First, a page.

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Migration from Commento

How to migrate to Comentario from Commento

Commento was once a popular open-source commenting system.

It is in fact a predecessor of Comentario, because Comentario 2.x started as a fork to Commento 1.8, reworking the user interface and the internals, but keeping the database structure intact.

The fact that Comentario 2.x database was 100% compatible with Commento made the migration very easy: it was basically a drop-in replacement, which only required adjusting some server parameters. It made also a reverse migration possible.

IMPORTANT: a direct database migration from Commento to Comentario is only possible if you’re staying on the same database, i.e. PostgreSQL (the only option for Commento). Migration from PostgreSQL to SQLite can only be done via export and a subsequent import.

Comentario 3

The version 3 of Comentario is a major step forward: it addresses many inconsistencies and limitations of Commento data model, which slowed down the development of the latter and made solving some issues nearly impossible.

The data model was developed from scratch, and all the constituent components had to be overhauled and rewritten.

We’ve done our best to make the migration transparent, keeping Comentario “plug-n-play.” The database will be automatically migrated on first run.

Contrary to Comentario 2.x, it’s a one-way ticket though; once migrated, the original database will be deleted. The only way to revert that is restoring a back-up copy made prior to migration.

Migration steps

1. Back up your data

VERY IMPORTANT: Always make a backup of your original database!

The migration can fail, go wrong, or wipe the original data. This is especially true due to the quirks of the original Commento data model.

2. Check your backup

ALSO VERY IMPORTANT: Make sure the backup you made can be restored. A non-restorable backup is as useless as a non-existent one.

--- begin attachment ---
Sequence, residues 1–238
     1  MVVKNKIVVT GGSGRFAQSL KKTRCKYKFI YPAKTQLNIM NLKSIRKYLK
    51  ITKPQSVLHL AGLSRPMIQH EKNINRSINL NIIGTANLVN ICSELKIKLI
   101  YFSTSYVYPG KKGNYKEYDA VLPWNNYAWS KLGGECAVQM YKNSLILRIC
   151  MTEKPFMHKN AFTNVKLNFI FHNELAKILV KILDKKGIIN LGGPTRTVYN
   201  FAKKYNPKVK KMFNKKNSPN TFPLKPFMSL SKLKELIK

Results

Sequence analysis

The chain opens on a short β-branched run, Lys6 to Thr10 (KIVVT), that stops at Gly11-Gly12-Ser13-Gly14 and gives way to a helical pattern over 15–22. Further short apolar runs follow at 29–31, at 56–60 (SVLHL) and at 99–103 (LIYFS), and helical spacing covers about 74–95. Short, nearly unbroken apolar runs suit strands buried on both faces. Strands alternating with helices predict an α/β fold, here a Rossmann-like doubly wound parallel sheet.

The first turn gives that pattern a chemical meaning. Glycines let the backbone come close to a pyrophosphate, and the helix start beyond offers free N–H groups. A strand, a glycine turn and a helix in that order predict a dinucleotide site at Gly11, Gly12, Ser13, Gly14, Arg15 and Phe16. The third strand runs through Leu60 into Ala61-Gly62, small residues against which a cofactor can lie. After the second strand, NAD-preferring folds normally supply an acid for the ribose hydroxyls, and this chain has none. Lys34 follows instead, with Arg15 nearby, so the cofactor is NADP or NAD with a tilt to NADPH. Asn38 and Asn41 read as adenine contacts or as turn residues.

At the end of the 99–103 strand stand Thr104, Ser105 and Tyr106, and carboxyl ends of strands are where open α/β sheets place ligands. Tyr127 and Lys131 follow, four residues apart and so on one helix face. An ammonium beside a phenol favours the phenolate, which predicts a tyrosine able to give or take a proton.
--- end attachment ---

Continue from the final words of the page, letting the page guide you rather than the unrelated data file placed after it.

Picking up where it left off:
3. Deploy Comentario

Install Comentario and configure it to connect to the same PostgreSQL database Commento used (or a copy of it).

The database should be automatically migrated on the first run. If everything goes smoothly, the server will just run without any error or warning message in the console.

And if you start it with the -v command-line switch, you should have seen the following lines in the log:

2023/08/20 11:49:38 INFO  persistence Connected to database
2023/08/20 11:49:38 INFO  persistence Discovered 1 database migrations in /comentario/db
2023/08/20 11:49:38 INFO  persistence 0 migrations already installed
2023/08/20 11:49:38 INFO  persistence Successfully installed 1 migrations

4. Appoint a superuser

Comentario introduces the concept of superuser: it’s essentially an instance admin. Only superusers can manage (edit, ban, delete) other users and change configuration parameters. You’ll definitely need at least one for your installation.

There are the following four ways to become a superuser:

  1. Superuser privilege can be granted a user by another superuser. It can only work if you already have a superuser.
  2. The first local user (i.e. one signing up with email and password) registered on the server automatically gets a superuser privilege.
  3. Using the --superuser=<ID-or-email> command-line switch to turn a user into a superuser.
  4. Updating the database directly with a UI tool or the following SQL statement:
update cm_users set is_superuser = true where email = 'YOUR@EMAIL';

Since you’re migrating from Commento, you’d probably already have users, so you’ll need to use the last two options.

5. Update your code snippet

Comentario is embedded on a web page as a web component, and not via a <div> tag like Commento.

In practice, it only means updating the code snippet you place on your web pages, replacing the <div> with <comentario-comments>. You can look the snippet up in the Administration console, under Domain propertiesInstallation, and it looks like this:

<script defer src=""></script>

If you used data-* attributes, you’ll need to change those, too:

  • Firstly, they now have to be put on the <comentario-comments> tag (not on the <script>).
  • Secondly, the data- prefix should be removed.

There’s one exception to the data attributes: data-hide-deleted, which Commento used to hide deleted comments, isn’t supported by Comentario on the page level. Instead, you can switch off the Show deleted comments configuration parameter.